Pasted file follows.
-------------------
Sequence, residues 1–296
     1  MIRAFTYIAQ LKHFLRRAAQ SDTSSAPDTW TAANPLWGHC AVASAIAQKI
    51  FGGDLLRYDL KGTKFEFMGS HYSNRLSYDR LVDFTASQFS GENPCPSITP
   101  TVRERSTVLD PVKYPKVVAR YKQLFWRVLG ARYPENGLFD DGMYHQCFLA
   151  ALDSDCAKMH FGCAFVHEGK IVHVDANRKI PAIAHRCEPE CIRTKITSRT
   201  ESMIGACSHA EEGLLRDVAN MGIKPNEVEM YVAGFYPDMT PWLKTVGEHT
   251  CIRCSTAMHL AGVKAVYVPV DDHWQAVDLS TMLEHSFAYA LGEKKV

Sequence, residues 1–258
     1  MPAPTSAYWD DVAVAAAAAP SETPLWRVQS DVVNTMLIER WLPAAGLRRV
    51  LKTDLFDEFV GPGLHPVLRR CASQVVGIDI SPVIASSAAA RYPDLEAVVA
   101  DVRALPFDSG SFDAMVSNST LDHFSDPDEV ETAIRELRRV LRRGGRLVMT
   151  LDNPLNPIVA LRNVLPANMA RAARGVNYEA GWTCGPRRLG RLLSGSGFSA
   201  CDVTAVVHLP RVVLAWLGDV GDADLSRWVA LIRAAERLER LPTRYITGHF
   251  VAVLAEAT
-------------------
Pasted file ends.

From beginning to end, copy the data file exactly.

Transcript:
Sequence, residues 1–296
     1  MIRAFTYIAQ LKHFLRRAAQ SDTSSAPDTW TAANPLWGHC AVASAIAQKI
    51  FGGDLLRYDL KGTKFEFMGS HYSNRLSYDR LVDFTASQFS GENPCPSITP
   101  TVRERSTVLD PVKYPKVVAR YKQLFWRVLG ARYPENGLFD DGMYHQCFLA
   151  ALDSDCAKMH FGCAFVHEGK IVHVDANRKI PAIAHRCEPE CIRTKITSRT
   201  ESMIGACSHA EEGLLRDVAN MGIKPNEVEM YVAGFYPDMT PWLKTVGEHT
   251  CIRCSTAMHL AGVKAVYVPV DDHWQAVDLS TMLEHSFAYA LGEKKV

Sequence, residues 1–258
     1  MPAPTSAYWD DVAVAAAAAP SETPLWRVQS DVVNTMLIER WLPAAGLRRV
    51  LKTDLFDEFV GPGLHPVLRR CASQVVGIDI SPVIASSAAA RYPDLEAVVA
   101  DVRALPFDSG SFDAMVSNST LDHFSDPDEV ETAIRELRRV LRRGGRLVMT
   151  LDNPLNPIVA LRNVLPANMA RAARGVNYEA GWTCGPRRLG RLLSGSGFSA
   201  CDVTAVVHLP RVVLAWLGDV GDADLSRWVA LIRAAERLER LPTRYITGHF
   251  VAVLAEAT